Oklahoma senator blocks Commerce secretary nomination

Sen. James M. Inhofe (R-Okla.) put the nomination of John Bryson to be Commerce secretary on hold, saying the environmental views of the former Edison International executive were too radical.

Inhofe, a leading skeptic of global warming, said he was using a procedural tactic that allows a single senator to block a nominee from getting a confirmation vote by the full Senate. The move — essentially the threat of a filibuster — can be overcome with the support of 60 senators.

It often stalls a nomination for weeks and can ultimately derail it — or lead the president to circumvent it with a recess appointment.

“If Bryson becomes secretary of Commerce, economic growth in Oklahoma and across the nation could be in jeopardy, and I will be doing everything in my power to block his confirmation,” Inhofe said Tuesday.


Inhofe said Bryson’s nomination for the Commerce job is ironic because “here’s a guy who wants to kill commerce” through his environmental policies, Inhofe said.

He cited Bryson’s role in 1970 in co-founding the Natural Resources Defense Council, which Inhofe called a “radical ... left-wing organization.” Inhofe also criticized Bryson for supporting a 2009 House bill to address climate change through a controversial cap-and-trade system.

President Obama nominated Bryson on May 31, but the nomination already was stalled because of disputes over pending trade deals.

In March, 44 of the 47 Senate Republicans vowed to block any Commerce secretary nominee until Obama sent trade agreements with South Korea, Colombia and Panama to Congress and promised to sign them if passed. Those deals are caught up in a dispute over adding funding for a government program to retrain workers who lose their jobs because of the trade deals.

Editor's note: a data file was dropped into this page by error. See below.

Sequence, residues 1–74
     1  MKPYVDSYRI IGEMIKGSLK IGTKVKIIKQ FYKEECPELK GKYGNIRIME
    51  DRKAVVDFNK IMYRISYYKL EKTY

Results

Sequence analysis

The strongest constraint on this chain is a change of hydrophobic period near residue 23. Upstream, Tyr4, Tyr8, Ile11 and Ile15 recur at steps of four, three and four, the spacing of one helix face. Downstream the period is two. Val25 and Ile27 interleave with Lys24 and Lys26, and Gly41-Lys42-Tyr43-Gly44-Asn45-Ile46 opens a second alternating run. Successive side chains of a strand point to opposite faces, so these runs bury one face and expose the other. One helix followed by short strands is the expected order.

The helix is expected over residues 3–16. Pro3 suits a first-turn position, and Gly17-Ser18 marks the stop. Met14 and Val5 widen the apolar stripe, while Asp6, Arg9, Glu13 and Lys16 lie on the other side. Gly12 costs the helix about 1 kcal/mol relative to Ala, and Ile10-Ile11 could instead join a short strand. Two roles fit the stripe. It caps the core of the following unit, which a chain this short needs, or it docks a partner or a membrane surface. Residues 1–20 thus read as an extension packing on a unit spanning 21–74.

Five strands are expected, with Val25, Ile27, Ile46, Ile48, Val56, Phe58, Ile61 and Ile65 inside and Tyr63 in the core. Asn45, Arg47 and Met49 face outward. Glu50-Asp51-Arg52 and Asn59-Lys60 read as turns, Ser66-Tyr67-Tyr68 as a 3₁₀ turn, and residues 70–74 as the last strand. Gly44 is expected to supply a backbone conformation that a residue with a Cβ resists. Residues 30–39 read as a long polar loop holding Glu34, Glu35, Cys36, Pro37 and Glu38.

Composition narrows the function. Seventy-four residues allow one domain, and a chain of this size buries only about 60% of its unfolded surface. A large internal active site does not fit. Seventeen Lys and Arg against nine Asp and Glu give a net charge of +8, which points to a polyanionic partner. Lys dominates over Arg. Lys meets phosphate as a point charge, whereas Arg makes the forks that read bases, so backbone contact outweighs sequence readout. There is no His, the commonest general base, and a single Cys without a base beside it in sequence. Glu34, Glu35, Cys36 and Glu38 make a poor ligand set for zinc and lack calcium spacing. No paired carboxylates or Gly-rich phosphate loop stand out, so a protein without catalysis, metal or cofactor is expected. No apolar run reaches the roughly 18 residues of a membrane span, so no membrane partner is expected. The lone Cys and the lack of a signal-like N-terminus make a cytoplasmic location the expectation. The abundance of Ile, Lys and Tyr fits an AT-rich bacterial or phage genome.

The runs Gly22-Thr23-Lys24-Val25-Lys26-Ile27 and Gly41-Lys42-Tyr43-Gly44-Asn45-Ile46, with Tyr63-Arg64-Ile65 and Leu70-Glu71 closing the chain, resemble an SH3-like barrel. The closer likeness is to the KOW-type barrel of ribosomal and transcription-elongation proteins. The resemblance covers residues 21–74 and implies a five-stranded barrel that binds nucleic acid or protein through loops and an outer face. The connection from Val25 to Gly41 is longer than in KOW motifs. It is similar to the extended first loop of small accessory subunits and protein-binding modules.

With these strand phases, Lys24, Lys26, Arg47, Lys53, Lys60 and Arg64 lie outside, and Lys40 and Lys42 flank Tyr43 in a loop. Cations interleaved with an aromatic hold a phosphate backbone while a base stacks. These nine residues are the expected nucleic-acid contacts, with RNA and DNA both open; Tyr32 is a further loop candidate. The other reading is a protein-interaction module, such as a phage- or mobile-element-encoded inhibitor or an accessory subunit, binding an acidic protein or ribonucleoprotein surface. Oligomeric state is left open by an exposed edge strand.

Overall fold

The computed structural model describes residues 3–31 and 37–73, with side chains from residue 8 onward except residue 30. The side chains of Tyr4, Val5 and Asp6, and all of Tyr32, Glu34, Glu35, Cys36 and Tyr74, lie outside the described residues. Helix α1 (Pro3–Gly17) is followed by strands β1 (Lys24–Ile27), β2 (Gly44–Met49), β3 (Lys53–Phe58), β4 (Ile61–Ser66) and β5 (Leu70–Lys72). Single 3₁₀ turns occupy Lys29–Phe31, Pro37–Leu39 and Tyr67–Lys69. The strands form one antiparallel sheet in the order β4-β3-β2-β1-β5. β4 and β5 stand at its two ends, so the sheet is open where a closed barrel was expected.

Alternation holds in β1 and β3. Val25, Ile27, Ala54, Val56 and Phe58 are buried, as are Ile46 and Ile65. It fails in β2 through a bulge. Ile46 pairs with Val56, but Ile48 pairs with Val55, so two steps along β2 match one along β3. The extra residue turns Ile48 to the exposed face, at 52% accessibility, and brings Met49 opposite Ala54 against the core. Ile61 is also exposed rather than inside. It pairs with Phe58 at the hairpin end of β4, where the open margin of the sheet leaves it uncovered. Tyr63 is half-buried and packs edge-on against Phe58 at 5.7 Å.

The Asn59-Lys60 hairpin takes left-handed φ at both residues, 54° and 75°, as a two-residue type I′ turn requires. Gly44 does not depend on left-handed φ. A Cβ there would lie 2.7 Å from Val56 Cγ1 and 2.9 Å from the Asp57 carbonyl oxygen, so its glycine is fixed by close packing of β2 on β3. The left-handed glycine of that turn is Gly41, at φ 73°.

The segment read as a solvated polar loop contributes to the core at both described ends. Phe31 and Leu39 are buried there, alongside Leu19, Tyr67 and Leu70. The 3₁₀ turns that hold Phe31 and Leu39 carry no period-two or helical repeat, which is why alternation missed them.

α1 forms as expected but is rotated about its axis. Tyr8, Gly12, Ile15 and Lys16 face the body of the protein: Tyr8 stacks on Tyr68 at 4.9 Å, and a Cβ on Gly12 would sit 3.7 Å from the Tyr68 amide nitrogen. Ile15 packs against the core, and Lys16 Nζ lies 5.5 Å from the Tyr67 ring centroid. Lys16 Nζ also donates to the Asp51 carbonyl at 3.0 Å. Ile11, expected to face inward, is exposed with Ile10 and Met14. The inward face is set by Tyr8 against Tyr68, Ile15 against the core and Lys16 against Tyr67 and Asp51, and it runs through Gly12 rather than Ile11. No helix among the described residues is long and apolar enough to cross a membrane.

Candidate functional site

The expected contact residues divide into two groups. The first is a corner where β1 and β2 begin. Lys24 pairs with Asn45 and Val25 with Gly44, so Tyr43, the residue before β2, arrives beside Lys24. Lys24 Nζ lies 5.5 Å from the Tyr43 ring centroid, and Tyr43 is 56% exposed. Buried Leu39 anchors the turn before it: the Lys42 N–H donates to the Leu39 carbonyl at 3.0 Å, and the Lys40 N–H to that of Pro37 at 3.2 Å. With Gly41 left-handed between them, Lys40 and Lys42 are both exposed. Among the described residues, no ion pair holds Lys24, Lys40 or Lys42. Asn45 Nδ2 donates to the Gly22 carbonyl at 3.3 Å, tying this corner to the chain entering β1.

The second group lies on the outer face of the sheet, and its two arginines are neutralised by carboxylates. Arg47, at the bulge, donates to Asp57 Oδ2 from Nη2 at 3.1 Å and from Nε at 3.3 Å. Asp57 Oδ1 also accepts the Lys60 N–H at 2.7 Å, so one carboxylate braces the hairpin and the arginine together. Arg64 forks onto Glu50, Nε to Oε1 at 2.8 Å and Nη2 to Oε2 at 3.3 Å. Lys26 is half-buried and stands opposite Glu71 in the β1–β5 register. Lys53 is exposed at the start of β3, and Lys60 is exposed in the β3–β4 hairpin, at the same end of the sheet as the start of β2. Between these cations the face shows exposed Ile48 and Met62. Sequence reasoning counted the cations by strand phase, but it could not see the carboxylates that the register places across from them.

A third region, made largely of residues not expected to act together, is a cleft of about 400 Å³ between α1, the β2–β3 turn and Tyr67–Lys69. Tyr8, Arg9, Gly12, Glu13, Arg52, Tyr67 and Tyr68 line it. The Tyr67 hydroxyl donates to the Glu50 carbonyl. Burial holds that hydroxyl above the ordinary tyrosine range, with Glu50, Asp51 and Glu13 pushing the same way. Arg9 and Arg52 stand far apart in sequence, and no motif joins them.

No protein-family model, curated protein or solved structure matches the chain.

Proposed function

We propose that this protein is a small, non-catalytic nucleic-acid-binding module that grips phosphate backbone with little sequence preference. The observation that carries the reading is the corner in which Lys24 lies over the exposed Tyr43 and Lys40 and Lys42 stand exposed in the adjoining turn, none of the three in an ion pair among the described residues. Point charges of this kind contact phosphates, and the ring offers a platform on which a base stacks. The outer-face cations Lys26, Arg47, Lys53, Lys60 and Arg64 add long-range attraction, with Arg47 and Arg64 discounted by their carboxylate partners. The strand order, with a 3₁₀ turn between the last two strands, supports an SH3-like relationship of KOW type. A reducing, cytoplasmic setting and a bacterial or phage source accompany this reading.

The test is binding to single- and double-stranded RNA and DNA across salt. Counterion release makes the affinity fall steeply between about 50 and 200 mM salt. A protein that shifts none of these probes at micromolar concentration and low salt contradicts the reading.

Inhofe said even if that hurdle was overcome, he would continue to block Bryson’s nomination. He was backed in the move by two conservative organizations, the American Conservative Union and Freedom Action.

Obama could circumvent the opposition by installing Bryson with a recess appointment when the Senate leaves for its August recess. But Republicans might use other procedural moves to prevent a formal Senate recess, denying Obama the ability to make such an appointment for that and other key administration positions.

White House spokeswoman Kate Bedingfield said Bryson was “ready to promote American businesses and American products around the world.”

“With nearly two decades as a CEO and having served in the leadership of some of America’s top companies, John Bryson has created jobs and understands what it takes for American businesses to innovate and compete in an increasingly competitive global economy,” she said.

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